A common explanation of human stress includes physical stress (heat, cold, etc.), hierarchical stress (low status, competition, etc.), and lack of social support (horizontal communication, belonging).
Supposedly, humans and other primates tend to stress themselves because we are smart enough to have a lot of free time (time not spent gathering food). As the neuroscientist Robert Sapolsky puts it:
“If you live in a baboon troop in the Serengeti, you only have to work three hours a day for your calories, and predators don’t mess with you much. What that means is you’ve got nine hours of free time every day to devote to generating psychological stress toward other animals in your troop. So the baboon is a wonderful model for living well enough and long enough to pay the price for all the social-stressor nonsense that they create for each other. They’re just like us: They’re not getting done in by predators and famines, they’re getting done in by each other.” (Source)
Sapolsky makes good points but I want to add something to what he says.
Humans are “semiotic primates.” That is, we live as much or more in a semiotic environment as a natural one.
This means that we stress ourselves not just by our place in a natural hierarchy, but also by how we understand where we are, what we are hearing and saying, and what others are hearing and saying when around us.
Since most humans have no way of fully adjusting their interpersonal communication, the semiotic environments they live in are ambiguous, frequently mistaken, sometimes dangerous. Our intimate semiotic environments are typically unsatisfying or stressful because the communication upon which they are based and which defines them is rarely, if ever, optimal.
When interpersonal stress is relieved through one of the three ways mentioned in the first paragraph above, people may exercise more, work harder to climb the hierarchy, or seek out more horizontal support from a club or temple.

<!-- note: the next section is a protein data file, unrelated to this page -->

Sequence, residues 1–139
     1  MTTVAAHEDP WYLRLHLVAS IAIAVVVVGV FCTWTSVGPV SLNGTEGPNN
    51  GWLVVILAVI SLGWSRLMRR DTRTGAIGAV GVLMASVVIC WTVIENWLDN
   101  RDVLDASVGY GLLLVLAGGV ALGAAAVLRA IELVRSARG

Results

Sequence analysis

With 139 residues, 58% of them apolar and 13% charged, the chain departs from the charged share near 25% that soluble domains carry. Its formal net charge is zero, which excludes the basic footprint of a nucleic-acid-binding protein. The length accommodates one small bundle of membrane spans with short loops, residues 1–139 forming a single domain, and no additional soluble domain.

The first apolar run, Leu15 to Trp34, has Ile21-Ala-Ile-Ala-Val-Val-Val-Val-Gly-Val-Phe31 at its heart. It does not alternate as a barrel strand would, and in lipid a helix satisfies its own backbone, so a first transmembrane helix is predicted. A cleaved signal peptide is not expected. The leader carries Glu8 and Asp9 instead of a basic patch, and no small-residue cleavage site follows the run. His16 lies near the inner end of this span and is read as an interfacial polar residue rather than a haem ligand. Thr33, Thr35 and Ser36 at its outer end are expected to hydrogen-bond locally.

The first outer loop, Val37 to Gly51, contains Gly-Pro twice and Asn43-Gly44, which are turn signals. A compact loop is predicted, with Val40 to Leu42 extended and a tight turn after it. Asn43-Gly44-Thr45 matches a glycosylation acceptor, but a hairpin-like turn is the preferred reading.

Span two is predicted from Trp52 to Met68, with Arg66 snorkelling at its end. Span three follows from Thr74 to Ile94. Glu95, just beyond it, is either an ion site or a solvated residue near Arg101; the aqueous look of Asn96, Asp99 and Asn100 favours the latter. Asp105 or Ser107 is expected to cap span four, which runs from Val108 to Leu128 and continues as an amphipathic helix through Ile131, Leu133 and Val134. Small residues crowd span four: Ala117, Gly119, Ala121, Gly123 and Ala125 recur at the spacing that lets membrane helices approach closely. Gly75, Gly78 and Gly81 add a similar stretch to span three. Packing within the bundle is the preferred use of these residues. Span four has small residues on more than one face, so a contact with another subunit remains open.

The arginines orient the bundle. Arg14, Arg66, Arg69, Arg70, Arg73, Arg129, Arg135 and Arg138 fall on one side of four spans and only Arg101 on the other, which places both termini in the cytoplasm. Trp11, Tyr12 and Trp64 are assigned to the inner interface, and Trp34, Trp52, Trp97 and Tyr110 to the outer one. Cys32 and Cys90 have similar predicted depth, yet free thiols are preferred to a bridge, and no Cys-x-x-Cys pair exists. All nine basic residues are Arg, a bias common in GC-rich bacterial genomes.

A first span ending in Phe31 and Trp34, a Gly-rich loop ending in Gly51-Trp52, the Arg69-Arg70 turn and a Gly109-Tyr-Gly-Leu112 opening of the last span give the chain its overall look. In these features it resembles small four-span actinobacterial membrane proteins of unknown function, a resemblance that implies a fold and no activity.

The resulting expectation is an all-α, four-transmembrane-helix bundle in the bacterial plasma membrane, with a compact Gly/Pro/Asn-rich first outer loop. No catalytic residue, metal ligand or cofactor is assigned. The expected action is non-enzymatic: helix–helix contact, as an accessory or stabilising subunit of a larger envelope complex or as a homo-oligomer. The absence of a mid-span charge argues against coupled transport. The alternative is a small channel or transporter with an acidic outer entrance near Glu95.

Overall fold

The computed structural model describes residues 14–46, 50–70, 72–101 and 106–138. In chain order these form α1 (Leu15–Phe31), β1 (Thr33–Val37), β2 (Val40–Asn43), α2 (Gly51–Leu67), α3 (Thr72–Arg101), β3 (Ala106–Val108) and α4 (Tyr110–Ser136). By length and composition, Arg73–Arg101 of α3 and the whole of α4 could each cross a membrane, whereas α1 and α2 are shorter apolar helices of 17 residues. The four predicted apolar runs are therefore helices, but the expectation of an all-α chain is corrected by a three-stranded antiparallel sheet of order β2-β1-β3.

Exercise is good, climbing the hierarchy is OK if that’s what you want, and adding social support never hurts. None of these methods will optimize interpersonal communication, however. They are substitute semiotics of a different kind.
The reason this is so is the core stress-inducing problem most people have is poor intimate interpersonal communication with their primary interlocutor.
It’s not bad to think of yourself as having a psychology and a psychological history, but this line of thought rarely, if ever, leads to optimal communication with your primary interlocutor. When we psychologize ourselves, we tend to generalize ourselves and others. We see ourselves as defined by theories (extrinsic semiotics) rather than by the the dynamic reality of our moment-by-moment interactions with the person(s) we care about most.
FIML optimizes communication between primary interlocutors and in so doing relieves some of the most deleterious human stressors by removing them as they arise. If your intimate interpersonal communication is good, you won’t care very much about where you are on the hierarchy.
There is some anxiety among Jews about Donald Trump’s candidacy. In fathoming why this might be, one could perhaps start by asking how Trump departs from the ideal presidential candidate. For Jews, the ideal candidate is (1) predictably and fanatically pro-Israel; (2) predictably liberal/left on social issues, particularly anything related to immigration and multiculturalism; and (3) in need of big campaign money contingent on satisfying (1) and (2).